Sucky Update

Well, guys, I just wanted to check in.  I don’t know what to tell you.  I had to have surgery, so I went off the Naltrexone.  It was a minor surgery and everything is fine…except that I relapsed.

Physically, medically, I can’t explain it. I’ve been MOSTLY sober for years, but when I started drinking, ALL of my physical symptoms came back.  That’s why I haven’t been blogging–I’m too sick, and my thought process is too unclear.  I can’t write. I have no focus.

A week ago, I took 4 days off to get through the DTs. I threw up in a bucket by my bed. On the third day, I started to hallucinate.  I’ve had mild auditory hallucinations before, as if I heard the sound of white noise or a radio coming in from next door, but these were REAL hallucinations. I saw things that were not there. I TALKED to them. I talked to ghost hallucinations in my bedroom.  And I knew, when I was doing it, that they could not be possible, but I saw them, and tried to touch them.

I had to go to work.  I thought the withdrawals would be done by them, but they weren’t, so I had to limp to the gas station at 4 AM and buy 3 of those little airline bottles of whiskey. I must have looked like hell.  My eyes were watering and I was shaking all over. The Indian (not Native American) clerk asked me if I was okay.

Now I know that I will probably need 6 days.  I know it’s going to hurt like hell, but I have to do it. All my bills are paid and I have money in the bank, so it should be okay.

I have fucked up so badly.  I can only sleep for three hours at a time. I lay in bed and cry, but I know that I brought it on myself.

17 thoughts on “Sucky Update”

  1. I think you are too hard on yourself. I wish you were not alone with this. I don’t know you, but as a fellow human I am thinking of you with love and wishing you well, hoping for some ease for you.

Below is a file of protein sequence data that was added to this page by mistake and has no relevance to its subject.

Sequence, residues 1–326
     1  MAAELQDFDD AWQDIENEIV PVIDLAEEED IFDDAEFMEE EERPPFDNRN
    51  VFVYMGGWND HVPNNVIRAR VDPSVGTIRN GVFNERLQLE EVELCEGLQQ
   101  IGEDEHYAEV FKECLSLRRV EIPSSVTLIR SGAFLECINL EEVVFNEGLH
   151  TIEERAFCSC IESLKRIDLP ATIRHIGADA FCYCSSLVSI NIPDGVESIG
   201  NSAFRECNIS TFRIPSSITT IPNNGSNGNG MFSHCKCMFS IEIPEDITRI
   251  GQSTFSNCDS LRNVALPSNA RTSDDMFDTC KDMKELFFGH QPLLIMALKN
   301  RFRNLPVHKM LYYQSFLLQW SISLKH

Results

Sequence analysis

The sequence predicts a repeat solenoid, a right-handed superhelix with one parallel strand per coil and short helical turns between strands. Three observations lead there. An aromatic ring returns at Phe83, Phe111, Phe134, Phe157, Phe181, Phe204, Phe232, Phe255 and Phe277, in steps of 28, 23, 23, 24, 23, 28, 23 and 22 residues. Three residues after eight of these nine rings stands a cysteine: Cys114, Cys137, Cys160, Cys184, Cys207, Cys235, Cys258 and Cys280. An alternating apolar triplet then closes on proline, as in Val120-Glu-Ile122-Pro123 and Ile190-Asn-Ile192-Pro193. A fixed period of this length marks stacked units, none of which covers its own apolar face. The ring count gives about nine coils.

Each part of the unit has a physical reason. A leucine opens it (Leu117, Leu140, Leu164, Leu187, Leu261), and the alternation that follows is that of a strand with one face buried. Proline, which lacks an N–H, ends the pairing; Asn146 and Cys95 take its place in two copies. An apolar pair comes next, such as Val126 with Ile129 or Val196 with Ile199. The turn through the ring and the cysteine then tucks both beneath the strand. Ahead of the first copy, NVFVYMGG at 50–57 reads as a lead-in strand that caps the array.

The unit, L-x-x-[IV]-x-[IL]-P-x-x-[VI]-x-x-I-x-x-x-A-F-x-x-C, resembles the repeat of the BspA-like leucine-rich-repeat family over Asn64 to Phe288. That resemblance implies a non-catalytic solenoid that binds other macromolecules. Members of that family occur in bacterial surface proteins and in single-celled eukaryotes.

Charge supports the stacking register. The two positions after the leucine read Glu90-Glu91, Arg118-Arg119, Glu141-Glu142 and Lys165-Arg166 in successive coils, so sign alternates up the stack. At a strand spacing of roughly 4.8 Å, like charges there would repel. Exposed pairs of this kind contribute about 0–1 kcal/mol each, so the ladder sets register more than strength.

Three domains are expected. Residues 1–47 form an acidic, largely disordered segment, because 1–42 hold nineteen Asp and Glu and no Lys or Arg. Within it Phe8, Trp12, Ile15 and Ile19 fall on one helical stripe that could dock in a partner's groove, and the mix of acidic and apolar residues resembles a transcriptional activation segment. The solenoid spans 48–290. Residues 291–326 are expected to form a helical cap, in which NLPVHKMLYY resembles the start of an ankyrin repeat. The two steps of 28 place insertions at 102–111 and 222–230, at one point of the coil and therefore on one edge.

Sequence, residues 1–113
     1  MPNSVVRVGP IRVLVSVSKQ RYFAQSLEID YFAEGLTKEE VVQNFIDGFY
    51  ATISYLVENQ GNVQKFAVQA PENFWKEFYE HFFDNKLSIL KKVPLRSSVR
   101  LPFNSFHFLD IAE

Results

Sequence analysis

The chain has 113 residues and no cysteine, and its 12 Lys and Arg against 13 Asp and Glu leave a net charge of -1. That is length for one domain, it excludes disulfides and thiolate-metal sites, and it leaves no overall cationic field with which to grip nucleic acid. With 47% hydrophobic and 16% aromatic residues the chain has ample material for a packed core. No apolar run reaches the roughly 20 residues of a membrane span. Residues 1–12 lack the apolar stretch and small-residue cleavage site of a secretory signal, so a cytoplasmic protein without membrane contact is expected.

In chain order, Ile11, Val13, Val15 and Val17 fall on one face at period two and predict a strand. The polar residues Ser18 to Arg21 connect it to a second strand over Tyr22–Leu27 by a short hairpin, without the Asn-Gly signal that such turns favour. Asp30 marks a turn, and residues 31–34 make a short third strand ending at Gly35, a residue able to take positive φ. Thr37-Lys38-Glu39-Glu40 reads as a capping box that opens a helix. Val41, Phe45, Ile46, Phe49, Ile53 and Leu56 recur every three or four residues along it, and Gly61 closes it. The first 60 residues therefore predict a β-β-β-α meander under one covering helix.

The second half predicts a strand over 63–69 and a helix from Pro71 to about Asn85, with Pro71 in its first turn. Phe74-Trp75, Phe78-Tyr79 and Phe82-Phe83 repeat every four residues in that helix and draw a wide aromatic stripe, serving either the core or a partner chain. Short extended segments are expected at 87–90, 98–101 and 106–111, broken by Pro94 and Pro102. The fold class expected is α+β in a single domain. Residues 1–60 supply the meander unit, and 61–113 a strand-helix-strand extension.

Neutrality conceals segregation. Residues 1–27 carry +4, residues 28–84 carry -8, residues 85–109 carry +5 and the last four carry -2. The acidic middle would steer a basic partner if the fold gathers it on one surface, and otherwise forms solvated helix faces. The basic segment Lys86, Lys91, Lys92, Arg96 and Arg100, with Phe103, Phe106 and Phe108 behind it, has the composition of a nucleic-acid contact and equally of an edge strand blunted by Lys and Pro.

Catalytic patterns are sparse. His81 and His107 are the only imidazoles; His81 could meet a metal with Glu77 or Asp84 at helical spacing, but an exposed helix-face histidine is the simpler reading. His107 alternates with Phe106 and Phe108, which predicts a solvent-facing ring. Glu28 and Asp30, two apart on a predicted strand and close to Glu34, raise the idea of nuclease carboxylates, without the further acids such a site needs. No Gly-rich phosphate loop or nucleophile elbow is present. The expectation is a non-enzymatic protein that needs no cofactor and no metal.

2. You’ll get through this, everybody recovering from any kind of addiction has blips. Sending you some love to see you through x

  3. Oh, all hugs – as well as strength and self-compassion to help you go through it – in the world to you!
    Do you currently have any external support systems?

  4. Miss Margo,

    I hope you pull through this, I am rooting for you–you are one of my intellectual heroes, and probably my favorite blog on the Internet.

    I really should write you that fan letter…


  5. Dear Miss Margo,

    I am so sad to hear of this latest setback. Alcoholism is a disease characterized by relapse.
    I got sober in 1981, just past my 27th birthday. Ninety days later I got drunk. Then I got sober again for two years. Then in November 1983, I got drunk again. I even missed a day of work, which I never, ever did. Hell, I didn’t even wake up until 11AM, and that was to throw up bile.

    Whatever else I did to myself with my chronic drunkenness, I believe that I damaged my body in such a way that the effects which alcohol has on me are very unpredictable. I have not had a drink since 1983, but I believe that if I did I would be right back to where I left off – blackouts, sometimes after four drinks sometimes after twenty, sick for days from a single night of drinking or maybe able to semi-function.

    One thing is clear and did not change because I got drunk again. I cannot drink alcohol.

    Please, be gentle with yourself. Your recovery is measured in more than days. It’s also measured in self-awareness, connections to other people, and reintegration into a community and society. On all these things, slow and steady wins the race. Treat yourself the way you would treat a dear friend who was sick. Stay close to your support group. Do things that delight and tantalize you. You will be feeling better soon. I promise.


  6. Dear Miss Margo,

    By now, I hope the hardest part is over. I read your post some time ago and honestly didn’t know what to say beyond hang in there. But you will, you’ve proved it before.